The 8 stages of writing a Dissertation


So its day one, you’ve just been given the information about your dissertation and you’re excited and nervous in equal measure. But you know, you can do this, it’s going to be great. You’re going to learn so much about yourself and end the process as a whole and fully developed adult. You will change your field with your unique, inspirational ideas. At least that is what you tell yourself.


It’s a couple of weeks later and it’s set in that you actually have no original ideas which would be okay if plagiarism wasn’t a thing. You were told to write a dissertation about something you were interested in or talented at but it has become painfully clear that writing about staying in bed watching Netflix for twenty four hours straight might not fill 15,000 words. Not understanding your degree or anything your lecturers said for the last two years had never been a problem before, until now.


An idea finally comes to you- idea in a very loose sense of the word (you wrote down a lot of vague sentences connected to something you might not hate in six months’ time and throw in some theoretical terminology just so it doesn’t look like you’ve lost the plot). After meeting your supervisor to talk it through you realise that you might have something. However, the notion of having nine months to do this is expelled as they give you a deadline to hand in a section for two weeks’ time. It’s starting…


You’ve turned into a nocturnal, caffeine addict who spends more time in the library than you do your own home. To say you’ve let yourself go might be a little harsh but you have looked a lot better. The months that ensue see you reach new records of time of not washing your hair, living off pasta and you develop a whole new library ‘appropriate’ wardrobe consisting predominantly of leggings and tee shirts that could be mistaken for sacks. While this is gross you can’t spend 18 hours in the library in skinny jeans, it’s just not plausible.


After a term and a half of hibernation its Easter and while you don’t want to speak to soon, you feel like you might have got there. You’ve got feedback which on the whole was okay and you’re nearing your word limit. You finally feel like you have control of your life (well your dissertation, you still look wild). You even fit in seeing friends and doing some fun things while you’re at home.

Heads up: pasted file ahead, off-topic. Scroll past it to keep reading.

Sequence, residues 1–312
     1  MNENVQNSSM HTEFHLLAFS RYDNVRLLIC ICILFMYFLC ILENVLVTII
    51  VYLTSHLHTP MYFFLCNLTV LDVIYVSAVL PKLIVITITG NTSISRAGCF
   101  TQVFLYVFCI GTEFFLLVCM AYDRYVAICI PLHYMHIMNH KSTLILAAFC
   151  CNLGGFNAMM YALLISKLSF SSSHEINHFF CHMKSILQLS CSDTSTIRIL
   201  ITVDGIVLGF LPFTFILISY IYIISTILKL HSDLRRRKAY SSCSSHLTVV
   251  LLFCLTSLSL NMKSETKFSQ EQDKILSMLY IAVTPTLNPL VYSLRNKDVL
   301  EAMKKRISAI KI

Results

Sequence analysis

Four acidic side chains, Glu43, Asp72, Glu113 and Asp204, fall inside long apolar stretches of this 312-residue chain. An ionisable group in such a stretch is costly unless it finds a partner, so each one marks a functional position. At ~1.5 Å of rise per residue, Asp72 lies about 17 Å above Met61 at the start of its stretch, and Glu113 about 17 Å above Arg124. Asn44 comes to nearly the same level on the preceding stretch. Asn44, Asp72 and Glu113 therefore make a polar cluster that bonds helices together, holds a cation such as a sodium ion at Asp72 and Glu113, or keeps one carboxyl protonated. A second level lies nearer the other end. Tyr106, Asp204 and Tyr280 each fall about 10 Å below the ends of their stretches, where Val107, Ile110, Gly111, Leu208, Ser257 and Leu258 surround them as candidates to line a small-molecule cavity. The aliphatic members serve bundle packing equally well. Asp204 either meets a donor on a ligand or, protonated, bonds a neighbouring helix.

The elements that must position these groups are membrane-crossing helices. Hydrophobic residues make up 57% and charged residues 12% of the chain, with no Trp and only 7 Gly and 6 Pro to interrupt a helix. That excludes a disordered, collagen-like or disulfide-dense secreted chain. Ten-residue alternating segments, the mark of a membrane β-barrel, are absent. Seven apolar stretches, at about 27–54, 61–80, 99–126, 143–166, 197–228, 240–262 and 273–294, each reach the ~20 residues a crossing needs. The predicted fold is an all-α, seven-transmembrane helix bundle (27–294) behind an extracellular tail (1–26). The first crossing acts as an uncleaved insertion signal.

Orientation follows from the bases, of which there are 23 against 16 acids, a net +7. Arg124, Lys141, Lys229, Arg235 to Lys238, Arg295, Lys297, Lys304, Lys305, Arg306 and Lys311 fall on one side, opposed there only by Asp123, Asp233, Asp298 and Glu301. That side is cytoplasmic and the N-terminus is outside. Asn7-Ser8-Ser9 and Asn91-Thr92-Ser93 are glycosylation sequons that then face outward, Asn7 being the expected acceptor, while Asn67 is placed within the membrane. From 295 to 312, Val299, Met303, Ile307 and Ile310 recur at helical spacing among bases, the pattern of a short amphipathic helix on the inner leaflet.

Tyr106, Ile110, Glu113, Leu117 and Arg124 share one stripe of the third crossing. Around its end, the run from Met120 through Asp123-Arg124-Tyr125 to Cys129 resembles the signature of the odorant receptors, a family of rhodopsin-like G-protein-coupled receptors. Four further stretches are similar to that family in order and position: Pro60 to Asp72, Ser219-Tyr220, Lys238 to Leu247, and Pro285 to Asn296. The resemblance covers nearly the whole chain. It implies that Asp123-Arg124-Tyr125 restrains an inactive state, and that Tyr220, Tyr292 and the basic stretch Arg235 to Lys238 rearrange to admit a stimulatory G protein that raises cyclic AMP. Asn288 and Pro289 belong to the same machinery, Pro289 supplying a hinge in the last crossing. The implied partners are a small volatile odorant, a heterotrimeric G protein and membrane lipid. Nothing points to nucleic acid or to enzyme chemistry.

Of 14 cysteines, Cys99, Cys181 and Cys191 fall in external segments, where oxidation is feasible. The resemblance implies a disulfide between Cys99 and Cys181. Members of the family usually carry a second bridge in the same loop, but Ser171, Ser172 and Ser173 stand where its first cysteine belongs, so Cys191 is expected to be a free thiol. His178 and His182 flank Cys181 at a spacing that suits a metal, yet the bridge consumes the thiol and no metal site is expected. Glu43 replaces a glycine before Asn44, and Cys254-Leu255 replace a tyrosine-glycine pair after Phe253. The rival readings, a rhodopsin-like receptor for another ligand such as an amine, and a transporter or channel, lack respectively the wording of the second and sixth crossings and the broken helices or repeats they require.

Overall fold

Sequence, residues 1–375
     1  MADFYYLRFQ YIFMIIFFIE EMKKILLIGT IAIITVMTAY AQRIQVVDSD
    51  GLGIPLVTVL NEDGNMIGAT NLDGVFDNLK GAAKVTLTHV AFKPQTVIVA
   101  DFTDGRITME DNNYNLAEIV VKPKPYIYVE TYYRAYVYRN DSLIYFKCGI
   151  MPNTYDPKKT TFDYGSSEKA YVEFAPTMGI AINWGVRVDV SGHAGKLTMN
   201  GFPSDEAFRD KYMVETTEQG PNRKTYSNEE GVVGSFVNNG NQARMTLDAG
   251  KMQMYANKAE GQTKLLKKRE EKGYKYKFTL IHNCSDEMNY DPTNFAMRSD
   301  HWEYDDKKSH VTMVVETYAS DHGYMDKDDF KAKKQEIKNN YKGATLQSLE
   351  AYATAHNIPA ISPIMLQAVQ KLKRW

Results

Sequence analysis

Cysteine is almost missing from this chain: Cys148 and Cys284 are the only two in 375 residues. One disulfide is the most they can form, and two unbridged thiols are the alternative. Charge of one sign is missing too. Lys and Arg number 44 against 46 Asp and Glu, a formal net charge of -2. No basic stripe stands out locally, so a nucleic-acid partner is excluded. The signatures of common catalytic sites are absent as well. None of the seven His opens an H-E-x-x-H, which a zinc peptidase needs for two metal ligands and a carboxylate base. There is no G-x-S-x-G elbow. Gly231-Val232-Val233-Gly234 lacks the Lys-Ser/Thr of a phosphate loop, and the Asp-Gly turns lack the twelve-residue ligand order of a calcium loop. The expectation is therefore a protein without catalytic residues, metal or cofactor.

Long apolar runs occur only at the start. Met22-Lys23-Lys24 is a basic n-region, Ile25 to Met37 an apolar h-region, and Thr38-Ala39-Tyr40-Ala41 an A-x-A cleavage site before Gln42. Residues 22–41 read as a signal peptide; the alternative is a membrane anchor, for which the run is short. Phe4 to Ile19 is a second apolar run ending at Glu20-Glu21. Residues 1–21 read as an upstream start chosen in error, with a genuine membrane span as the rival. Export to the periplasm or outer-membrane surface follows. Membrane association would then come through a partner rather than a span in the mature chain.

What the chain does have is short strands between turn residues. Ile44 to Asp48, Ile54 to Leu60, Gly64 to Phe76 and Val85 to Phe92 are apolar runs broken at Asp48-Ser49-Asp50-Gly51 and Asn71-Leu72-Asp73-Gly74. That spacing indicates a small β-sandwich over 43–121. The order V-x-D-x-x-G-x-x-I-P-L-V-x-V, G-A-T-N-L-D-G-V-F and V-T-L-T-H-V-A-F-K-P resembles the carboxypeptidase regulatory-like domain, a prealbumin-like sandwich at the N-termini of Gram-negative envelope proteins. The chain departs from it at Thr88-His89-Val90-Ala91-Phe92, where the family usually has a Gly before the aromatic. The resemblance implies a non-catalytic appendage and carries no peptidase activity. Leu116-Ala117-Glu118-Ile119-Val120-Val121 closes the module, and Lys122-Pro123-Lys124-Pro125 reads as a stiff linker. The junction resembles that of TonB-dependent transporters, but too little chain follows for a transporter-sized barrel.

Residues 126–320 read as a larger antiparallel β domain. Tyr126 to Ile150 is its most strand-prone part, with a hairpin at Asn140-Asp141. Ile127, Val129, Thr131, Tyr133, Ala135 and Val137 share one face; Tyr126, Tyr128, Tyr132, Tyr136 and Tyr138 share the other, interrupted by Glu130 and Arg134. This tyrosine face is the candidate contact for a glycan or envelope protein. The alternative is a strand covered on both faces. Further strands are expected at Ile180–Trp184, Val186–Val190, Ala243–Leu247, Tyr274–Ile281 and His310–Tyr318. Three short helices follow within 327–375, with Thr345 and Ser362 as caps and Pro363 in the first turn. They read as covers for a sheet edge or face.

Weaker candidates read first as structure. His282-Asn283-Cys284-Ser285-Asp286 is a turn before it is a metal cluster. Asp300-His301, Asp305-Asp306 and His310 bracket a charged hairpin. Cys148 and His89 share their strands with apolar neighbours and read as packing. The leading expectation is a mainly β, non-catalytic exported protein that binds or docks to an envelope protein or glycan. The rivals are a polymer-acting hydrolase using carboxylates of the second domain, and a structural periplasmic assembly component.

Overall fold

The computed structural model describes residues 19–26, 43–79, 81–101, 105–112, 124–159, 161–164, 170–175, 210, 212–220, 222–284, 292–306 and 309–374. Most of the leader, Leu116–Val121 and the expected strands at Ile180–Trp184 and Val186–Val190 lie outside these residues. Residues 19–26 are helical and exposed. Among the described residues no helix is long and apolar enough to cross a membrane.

No no no no no no no no no no. You were wrong, nothing is in control, there’s so much to be done and everyone seems to be so much further ahead. It’s like some people just have more hours in the day, you return to your library hole. It’s also dawned on you that it takes time to print and bind your piece of work and while you thought you had four weeks to go, one of those weeks is going to be taken up by binding…the stress!


So the writing is done- it’s the night before you plan to go and get it bound and you feel a little victorious, you’re nearly there. All there is to tackle is the small matter of the bibliography. Now I know that without doubt, if you don’t already know this, your dissertation supervisor will tell you to reference as you go along, do it! Or if you like you could opt to spend eight hours trawling the internet for what Heath said in 2005 (as I did). You know, for the fun of it.


Finally, it’s done. You took it to be printed which was far less stressful as you initially anticipated and you have it in your hands. You can’t work out if you’re immensely proud or want it out of your sight as soon as possible. You can ditch the diet of coffee and pasta, catch up on sleep and get drunk once more! You have not turned into a adult, if anything you have regressed. You also haven’t learned a great deal about yourself, other than you can leave your hair nine days before washing it (which isn’t wholly useful) but the main point is you survived it and have developed a new found respect/ confusion towards your lecturers who choose to do this for a living.


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